Still, possession in colonial Brazil was not generally associated with God. Antonio Leite Guimaraes went to see Luzia for help with a condition for which the doctors could find no solution. In his testimony, he twisted the scene that he claimed he saw, possibly to gain favor with the Inquisitor. As de Carvalho had done earlier, he too associated Luzia’s trance with demonic possession. He declared that while he was in her house, he

“heard the playing of instruments which are called Tabaques and at the same time [he heard] singing of things that he did not understand seated on the bed where he was laying he saw her pass by dressed in inventions with a sword in her hand and speaking with her black women she went out wildly as if taken possession by the devil [italics mine].”[47]

There are other telling elements in Luzia’s testimony. The atabaques or drums, indispensable in African religions for they carry the rhythms and beat that invite the spirits or gods to descend to earth and assist their devotees (although possession does not always require the presence of drums). The cleansing with herbs that Luzia claimed she rubbed over her client’s bodies, a ritual commonly referred to as a despojo—to remove negative energy from a person’s body.[48] Magical powders are also very common to African, and especially Kongo religion. Luzia claimed that in addition to the gruel and despojo, she also administered “powders that she had made from the same grasses, which she placed in her mouth and that of the said people that she cured because they had power to cure them of the said complaints of spells which they suffered.”[49] Another African from the Mina Coast enslaved in Brazil, Domingos Álvares, used magical powders in his divinatory rituals.[50] In Mexico, Tata Nicolas, also Kongolese prepared a magical powder for Isabel de Tovar to ensure the return of her lover.[51] In Cuba, both the Kongos and the Lukumís are renowned for their magical powders.[52]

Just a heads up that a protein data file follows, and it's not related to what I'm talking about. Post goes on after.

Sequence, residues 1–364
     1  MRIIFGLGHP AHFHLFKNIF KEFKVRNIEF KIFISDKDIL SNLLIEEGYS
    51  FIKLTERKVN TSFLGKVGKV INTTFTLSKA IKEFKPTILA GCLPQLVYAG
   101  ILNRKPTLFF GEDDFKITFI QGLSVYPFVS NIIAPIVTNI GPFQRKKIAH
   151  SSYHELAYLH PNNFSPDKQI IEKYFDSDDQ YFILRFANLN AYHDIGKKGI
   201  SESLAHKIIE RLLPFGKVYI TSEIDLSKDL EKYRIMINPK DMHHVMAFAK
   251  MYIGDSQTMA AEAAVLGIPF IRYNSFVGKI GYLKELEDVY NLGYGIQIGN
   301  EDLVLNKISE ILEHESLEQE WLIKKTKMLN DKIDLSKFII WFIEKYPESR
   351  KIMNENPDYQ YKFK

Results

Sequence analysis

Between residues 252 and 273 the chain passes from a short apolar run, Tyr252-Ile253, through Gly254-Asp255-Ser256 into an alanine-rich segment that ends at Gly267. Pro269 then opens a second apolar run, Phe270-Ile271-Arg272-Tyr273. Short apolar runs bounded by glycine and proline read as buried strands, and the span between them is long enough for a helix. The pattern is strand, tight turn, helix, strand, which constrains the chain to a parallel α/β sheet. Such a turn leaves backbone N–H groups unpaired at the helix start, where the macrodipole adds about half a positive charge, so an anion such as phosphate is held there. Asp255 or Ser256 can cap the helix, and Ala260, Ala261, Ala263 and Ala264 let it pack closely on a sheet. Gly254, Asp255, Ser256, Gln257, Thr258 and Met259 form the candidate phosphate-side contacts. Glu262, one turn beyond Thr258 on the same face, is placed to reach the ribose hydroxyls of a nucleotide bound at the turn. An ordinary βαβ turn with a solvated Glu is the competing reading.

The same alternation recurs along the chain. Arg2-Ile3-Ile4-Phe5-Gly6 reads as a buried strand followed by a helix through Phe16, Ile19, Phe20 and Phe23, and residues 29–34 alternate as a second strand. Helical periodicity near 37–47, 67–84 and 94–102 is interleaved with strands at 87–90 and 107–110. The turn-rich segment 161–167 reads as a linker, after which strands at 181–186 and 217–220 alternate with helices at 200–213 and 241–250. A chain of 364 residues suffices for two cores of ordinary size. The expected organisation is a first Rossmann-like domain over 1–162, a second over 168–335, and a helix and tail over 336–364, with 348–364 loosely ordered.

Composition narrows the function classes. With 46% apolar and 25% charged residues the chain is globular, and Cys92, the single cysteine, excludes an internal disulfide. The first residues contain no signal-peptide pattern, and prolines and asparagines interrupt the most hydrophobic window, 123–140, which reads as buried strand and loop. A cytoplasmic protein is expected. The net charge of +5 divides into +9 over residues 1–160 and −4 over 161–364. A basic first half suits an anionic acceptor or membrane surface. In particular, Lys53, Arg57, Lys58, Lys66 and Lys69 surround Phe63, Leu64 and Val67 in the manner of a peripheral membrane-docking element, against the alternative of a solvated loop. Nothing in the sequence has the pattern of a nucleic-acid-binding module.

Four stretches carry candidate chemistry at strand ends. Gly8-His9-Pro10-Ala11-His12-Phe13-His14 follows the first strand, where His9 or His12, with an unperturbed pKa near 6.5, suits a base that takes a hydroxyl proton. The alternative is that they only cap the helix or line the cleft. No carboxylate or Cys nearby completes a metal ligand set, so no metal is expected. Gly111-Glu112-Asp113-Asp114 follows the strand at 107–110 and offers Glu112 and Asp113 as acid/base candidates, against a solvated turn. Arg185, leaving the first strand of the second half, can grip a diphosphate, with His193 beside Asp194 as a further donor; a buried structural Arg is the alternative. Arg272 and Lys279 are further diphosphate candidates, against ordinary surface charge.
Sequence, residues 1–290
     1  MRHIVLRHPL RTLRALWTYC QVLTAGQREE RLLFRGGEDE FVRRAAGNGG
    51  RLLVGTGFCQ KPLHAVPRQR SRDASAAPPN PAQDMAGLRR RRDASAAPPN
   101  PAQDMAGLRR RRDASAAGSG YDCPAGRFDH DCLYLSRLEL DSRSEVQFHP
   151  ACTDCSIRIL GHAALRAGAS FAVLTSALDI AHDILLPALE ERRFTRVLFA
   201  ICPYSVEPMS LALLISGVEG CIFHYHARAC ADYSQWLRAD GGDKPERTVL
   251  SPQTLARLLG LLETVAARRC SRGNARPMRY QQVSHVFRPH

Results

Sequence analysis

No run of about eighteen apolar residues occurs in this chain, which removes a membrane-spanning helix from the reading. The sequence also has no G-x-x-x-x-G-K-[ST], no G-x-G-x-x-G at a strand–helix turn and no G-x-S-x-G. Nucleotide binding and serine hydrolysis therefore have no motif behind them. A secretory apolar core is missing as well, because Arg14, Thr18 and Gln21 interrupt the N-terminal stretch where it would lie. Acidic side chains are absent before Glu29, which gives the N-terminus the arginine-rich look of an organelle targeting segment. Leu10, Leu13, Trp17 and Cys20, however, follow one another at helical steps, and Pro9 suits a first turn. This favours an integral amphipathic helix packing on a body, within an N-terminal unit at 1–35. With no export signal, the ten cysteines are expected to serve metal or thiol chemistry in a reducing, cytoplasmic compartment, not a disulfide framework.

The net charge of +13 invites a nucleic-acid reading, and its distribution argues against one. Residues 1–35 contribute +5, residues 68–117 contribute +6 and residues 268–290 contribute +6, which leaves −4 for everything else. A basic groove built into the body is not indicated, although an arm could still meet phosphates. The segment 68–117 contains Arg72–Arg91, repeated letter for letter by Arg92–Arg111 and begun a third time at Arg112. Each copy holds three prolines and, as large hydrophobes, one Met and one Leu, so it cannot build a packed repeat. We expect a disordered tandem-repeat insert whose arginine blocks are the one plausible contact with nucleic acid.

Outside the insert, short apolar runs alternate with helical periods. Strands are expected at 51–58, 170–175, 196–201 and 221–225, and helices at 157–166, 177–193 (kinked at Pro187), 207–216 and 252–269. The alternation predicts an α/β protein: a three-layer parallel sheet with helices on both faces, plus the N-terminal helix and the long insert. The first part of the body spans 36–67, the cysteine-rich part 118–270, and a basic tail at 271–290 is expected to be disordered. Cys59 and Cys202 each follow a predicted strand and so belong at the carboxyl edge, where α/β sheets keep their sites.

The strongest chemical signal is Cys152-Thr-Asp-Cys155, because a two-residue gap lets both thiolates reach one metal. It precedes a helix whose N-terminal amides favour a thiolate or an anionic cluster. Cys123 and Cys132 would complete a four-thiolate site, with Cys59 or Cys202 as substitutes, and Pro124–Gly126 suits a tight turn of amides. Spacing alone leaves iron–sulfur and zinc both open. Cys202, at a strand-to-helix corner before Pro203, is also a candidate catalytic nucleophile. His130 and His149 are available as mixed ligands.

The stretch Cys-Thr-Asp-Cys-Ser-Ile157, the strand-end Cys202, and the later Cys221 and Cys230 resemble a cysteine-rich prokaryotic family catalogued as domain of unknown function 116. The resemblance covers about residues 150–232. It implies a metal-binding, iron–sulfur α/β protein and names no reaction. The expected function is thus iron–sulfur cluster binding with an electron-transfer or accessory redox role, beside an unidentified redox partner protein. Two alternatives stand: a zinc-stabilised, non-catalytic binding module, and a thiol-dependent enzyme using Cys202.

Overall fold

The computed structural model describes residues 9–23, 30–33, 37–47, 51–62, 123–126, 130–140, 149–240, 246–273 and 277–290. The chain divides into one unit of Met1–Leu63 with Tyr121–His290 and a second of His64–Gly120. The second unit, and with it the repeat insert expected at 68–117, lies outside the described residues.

In addition, the inadequacy of medical treatment on many Brazilian and New World plantations often forced slave owners to seek alternative means to attend to their slaves’ health. Many Africans were renowned healers in their native lands and as such, were greatly familiar with the tropical flora and their application for curing specific ails. In nineteenth-century Cuba, the Oyo native Ño Remigio Herrera, Adeshiná, is said to have saved his master’s son from death with an herbal remedy. Adeshiná was a babalawo—a priest of Orúnmilá, orisha (deity) of divination. He is credited with the introduction of the Ifá oracle to Cuba. Adeshiná was enslaved some time in the 1830s and brought to work on a sugar plantation in Matanzas. As fate had it, however, he was a slave for a very short period. In appreciation for having saved the master’s son, Adeshiná was manumitted.[53]

Undoubtedly, African religious rituals accompanied the administration of the remedies, which no doubt was not that much different from the parallel traditions that existed in the Iberian Peninsula. In popular Iberian religiosity, saints were believed to provide protection against numerous diseases. Prayers to these saints typically accompanied the administration of herbal concoctions to cure the sick.[54]